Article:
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Planning Your Trip
What to Expect
There really is no better way to see Southeast Alaska, but it is not for everyone. Some folks are better suited to lodges or weeklong trips out of Seattle. Our boat is small enough to smell the whales breathe, but large enough to live on in modest comfort and safety. While others are at the lodge for 16 hours a day talking about fishing, we are doing it!
 
There is much to see if one passenger is not really into fishing. It does change the trip a little as mom may resist the boat firing up at 4 A.M. and fishing until 11:00 P.M. What we see most are one or two couples or three guys, as the boat is best suited to this arrangement. There are enough whales, eagles, sea otters, porpoises and sea lions to keep wildlife and camera buffs busy and distracted while dad fishes. With daylight coming early, it is also possible to get a lot of fishing done while some of the party sleep in. If planned ahead, we can bring a raft so some of the party can beach comb while others fish. There are no brown bears here, and that makes hanging out on beaches much safer.
 
Your Catch
I will fillet and prepare your fish. We can freeze the fish on the boat, but will take it to a commercial processor for vacuum packing on your last evening on the boat. Halibut regulations have been changing every year. For 2012 we expect to have one fish a day under a length of about 45 inches and can have an additional fish over about 68 inches if you can catch it. If halibut is desired in any quantity, we will have to drop fish off to be vacuum packed and frozen every other day due to new fishing rules. I strongly recommend vacuum packing whether here or when you get home. Crab meat does not freeze well. If shrimp is peeled raw and vacuum packed, it will keep well for long periods similar to halibut.
 
Expect a little less tonnage in June and more in August. You do not have to take a bunch of fish, you can can catch and release to your heartís content, or concentrate on one species.
 
Clothing and Gear
Rain gear and rubber boots are smart to have along if you wish to go ashore, but if not, the rubber boots are not necessary. The inside of the boat is dry and warm, and there is no need to stand out in the rain for long periods of time. I tend to figure it is a good time to troll for salmon if it is raining, and time to halibut fish when the weather is good. A set of raingear can double as a wind breaker and keep you warmer when out on the deck.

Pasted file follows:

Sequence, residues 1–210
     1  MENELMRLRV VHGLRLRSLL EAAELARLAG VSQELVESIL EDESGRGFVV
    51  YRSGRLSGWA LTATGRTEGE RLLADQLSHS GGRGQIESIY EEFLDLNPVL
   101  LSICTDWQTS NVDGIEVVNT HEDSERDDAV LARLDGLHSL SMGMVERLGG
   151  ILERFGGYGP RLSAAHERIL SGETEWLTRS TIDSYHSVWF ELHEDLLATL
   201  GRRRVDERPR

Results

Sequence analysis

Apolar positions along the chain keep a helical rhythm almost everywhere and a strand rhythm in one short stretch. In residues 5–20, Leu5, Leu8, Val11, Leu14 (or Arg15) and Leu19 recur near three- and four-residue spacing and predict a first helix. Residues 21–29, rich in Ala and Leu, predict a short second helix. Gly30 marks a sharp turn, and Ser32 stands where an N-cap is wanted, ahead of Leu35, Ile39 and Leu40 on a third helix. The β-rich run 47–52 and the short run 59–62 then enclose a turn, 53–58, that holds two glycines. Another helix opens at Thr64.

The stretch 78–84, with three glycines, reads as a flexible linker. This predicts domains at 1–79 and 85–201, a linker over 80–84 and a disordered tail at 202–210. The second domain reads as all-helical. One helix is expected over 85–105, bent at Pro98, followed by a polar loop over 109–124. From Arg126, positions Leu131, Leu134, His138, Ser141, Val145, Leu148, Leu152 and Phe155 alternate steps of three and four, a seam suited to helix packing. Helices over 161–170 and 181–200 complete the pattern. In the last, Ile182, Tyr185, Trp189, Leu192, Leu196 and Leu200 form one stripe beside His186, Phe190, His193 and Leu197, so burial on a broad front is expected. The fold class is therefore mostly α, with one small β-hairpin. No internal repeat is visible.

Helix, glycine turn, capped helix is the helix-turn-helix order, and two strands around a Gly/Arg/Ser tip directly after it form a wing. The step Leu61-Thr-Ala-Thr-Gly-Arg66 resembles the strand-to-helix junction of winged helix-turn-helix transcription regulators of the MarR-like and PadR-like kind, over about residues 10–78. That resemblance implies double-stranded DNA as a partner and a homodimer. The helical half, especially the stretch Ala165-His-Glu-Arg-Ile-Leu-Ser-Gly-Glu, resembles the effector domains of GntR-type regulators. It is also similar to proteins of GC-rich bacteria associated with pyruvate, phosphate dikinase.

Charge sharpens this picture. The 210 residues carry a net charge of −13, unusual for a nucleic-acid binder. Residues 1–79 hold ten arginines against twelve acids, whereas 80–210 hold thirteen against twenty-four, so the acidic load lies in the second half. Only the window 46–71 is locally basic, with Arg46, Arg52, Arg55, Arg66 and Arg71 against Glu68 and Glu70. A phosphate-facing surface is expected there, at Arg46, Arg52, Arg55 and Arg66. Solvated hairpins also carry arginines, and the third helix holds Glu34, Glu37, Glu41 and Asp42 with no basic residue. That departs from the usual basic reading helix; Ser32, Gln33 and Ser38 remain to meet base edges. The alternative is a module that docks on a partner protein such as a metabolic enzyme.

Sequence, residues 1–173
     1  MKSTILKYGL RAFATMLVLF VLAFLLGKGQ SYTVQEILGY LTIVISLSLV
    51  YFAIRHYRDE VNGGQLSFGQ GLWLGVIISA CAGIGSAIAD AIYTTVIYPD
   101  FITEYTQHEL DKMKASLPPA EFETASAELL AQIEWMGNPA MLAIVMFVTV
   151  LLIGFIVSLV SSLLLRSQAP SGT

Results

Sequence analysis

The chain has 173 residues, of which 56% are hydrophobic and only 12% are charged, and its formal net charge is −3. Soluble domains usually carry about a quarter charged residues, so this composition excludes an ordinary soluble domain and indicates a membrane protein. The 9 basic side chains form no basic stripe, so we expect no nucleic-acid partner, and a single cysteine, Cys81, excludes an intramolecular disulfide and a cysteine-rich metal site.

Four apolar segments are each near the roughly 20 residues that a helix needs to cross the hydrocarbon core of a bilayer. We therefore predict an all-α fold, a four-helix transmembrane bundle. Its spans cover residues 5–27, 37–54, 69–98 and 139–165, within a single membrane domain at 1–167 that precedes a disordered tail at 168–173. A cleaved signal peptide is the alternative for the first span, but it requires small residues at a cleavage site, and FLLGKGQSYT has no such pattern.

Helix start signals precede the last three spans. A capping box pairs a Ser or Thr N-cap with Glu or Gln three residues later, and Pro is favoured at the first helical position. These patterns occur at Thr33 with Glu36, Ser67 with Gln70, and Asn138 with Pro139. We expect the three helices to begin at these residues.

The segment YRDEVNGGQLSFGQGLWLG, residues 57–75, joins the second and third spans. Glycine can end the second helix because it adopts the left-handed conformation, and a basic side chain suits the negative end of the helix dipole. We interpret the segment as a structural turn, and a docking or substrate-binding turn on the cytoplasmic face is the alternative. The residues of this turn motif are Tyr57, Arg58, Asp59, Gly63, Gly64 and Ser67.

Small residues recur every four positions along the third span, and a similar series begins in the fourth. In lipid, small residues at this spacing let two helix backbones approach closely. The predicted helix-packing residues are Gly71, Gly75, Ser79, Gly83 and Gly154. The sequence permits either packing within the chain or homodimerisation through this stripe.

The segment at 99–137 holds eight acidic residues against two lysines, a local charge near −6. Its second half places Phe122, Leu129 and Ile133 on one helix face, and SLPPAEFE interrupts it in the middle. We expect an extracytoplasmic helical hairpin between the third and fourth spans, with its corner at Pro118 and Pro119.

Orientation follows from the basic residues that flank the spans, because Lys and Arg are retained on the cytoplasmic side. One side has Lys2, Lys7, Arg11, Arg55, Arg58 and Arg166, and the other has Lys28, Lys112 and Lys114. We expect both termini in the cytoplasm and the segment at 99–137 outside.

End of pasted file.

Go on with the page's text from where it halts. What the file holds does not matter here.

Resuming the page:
Layers are the best bet. It will be in the 50ís at night and in the 60ís during the day. It is alittle cool to survive in a t-shirt, but often too warm for a coat. Bring along comfortable non-marking deck or tennis shoes. You do not need a lot of stuff. There is no extra space for large suitcases on the boat.
 
Sleeping and Showers
We provide sleeping bags and pillows, towels and shower supplies. There is a bathroom, but no shower facilities on board. Normally, people shower on the last evening or morning. On trips of 4-5 days we can come in during the trip for showers and to drop off fish if desired. There is a shower available on the night of arrival and the night before departure.
 
There is room for two in a v-berth and for two more in the dining area on medium firm cushions. There is a curtain for some privacy to change and a bathroom.
 
Food
It is just a boat. If you have special dietary needs or food preferences, they will not be on the boat by magic. I have to know in advance if you only eat one kind of rice, hate fish or are lactose intolerant. We canít go to a town during the trip if we forget something.
 
We do get trips where people really do not care to eat seafood and we can work around that. We will stop at a store on the way to the boat for beverages, snacks and any last minute needs. It is not uncommon for the store not to carry something you really like so do not be afraid to pack a few comfort foods that might not be in a small grocery store.
 
Normally, we eat what we catch, keep snacks out most of the day, go fairly simple on breakfast and lunch and run pretty long days. Decisions on meal composition are a team affair and will vary with every trip. Breakfast might be eggs, sausage and potatoes, cold cereal or bagels, cream cheese and crab and fruit. Lunch is generally soup, sandwiches or maybe a crab salad. Dinners can vary, but generally we go with a seafood theme. Fried halibut is a mainstay, barbecued salmon is great, shrimp and Dungeness crab can fit in anywhere, and we make a pretty mean seafood chowder.
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